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When A Good Idea Goes Bad

WHEN A GOOD IDEA GOES BAD
Some Techniques Intended to Save When Shopping Can Backfire

When the holiday shopping season comes around consumers try every way they can to work the angles and spend smart. But even the best of plans can go awry if you don’t know the details. For that reason, the National Foundation for Credit Counseling (NFCC) advises consumers to use caution when:

  • Purchasing a gift card – Even though it may seem like the ideal way to ensure that the recipient gets exactly what he or she wants, there may be strings attached that become more of a burden than a gift. Some cards come with activation fees, while others may have expiration dates. Read the fine print before purchasing to make sure you fully understand the terms.
  • Signing up for a Buy Now/Pay Later program – If you know the rules and follow them to the letter, you can come out ahead using one of these plans. However, if you fail to meet all of the requirements, it is likely that double-digit interest will be assessed back to the date of purchase, significantly increasing what you paid for the item.
  • Using layaway – This old-fashioned tool is making a come-back in a big way, allowing consumers to pay for an item with cash over time. Nonetheless, there are costs associated with layaway. Most outlets will assess a small fee to set up the account, as well as require a down-payment to activate. Know that some stores will adjust the price if an item you’ve put in layaway goes on sale, but some may not. Further, if you decide you no longer want the item, you may be able to get a refund, but there will likely be a cancellation fee charge to do so. Most importantly, know what happens if you miss a payment, as doing so could cause you to lose both the item and the money you’ve put toward it.
  • Using your ATM or debit card – Studies show that consumers are moving away from using credit cards and toward using debit cards. This can be a good way to control your spending, as when the money’s gone, the spending is supposed to stop. However, if you overdraw your account, it will result in an overdraft fee. If this happens multiple times, the charges can add up fast. Be sure to record each ATM or debit withdrawal when you make it, and keep a running total of your checking account balance.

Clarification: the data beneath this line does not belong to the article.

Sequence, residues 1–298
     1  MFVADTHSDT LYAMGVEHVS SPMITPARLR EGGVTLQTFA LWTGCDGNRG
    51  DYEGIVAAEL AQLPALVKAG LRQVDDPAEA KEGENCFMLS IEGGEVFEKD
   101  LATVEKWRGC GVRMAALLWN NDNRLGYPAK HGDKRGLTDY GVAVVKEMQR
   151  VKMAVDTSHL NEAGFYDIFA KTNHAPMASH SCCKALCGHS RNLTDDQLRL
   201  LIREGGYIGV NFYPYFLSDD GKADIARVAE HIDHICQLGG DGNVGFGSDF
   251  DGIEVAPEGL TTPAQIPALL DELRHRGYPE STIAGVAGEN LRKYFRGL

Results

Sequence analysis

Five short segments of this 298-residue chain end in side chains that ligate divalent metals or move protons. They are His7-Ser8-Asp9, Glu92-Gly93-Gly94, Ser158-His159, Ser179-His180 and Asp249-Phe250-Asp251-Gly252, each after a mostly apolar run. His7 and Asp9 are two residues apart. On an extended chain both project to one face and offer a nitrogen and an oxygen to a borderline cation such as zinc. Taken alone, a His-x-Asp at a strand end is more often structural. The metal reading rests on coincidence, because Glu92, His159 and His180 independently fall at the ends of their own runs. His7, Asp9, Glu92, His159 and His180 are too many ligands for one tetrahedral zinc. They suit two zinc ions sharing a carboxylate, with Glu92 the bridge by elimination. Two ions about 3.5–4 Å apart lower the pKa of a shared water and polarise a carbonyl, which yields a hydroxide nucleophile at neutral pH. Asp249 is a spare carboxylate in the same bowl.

• Opening a new credit card to save a percentage off today’s purchase – Everyone enjoys saving 10 percent on a purchase, but opening a new line of credit to do so may not be the best idea. For one thing, the inquiry will ding your credit score. Also, having one more piece of plastic in your wallet will equal more temptation to spend, and multiple cards make it harder to keep up with how much you’ve spent. If you needed this card, you probably would have already established the account. You’re better off sticking with general purpose cards which usually have lower Annual Percentage Rates.
  • Buying without knowing the return policy – This is critical to know when buying a gift for someone, as believe it or not, they may want to return it. Most stores try to establish reasonable, customer-friendly return policies, but there may be restrictions, particularly if the item you purchase is on sale. Further, there may be a restocking fee associated with the return. Make sure you know the rules in advance.
  • Charging your purchases – In a perfect world, you would always pay your bill in full each month. If that is not possible, the longest you should stretch out payments is 90 days. If your holiday charges are more than you can pay off in the first quarter of each year, then you’re on a slippery slope financially as you’ll end up paying interest on top of interest. Further, carrying a balance limits your access to additional credit, due to the fact that you’ve already utilized some of your available spending dollars.
  • Charging more than 30 percent of your credit line – Even though your creditor will allow you to max out your line of credit, doing so will likely lower your credit score and diminish the likelihood that you’ll be approved for additional credit. Both the lenders and the scoring model like to see consumers control their spending. Doing otherwise could make it appear that you have too strong of a reliance on credit, indicating a lack of available cash with which you could make your purchases.

There is nothing wrong with any of the above tools. As a matter of fact, used properly, they can add convenience and savings to your holiday shopping experience. However, just because it’s the holidays doesn’t mean you can leave common sense at home when shopping. Reading the fine print, knowing what you’re signing, and understanding how your spending will affect your overall financial health is being financially savvy, regardless of the season.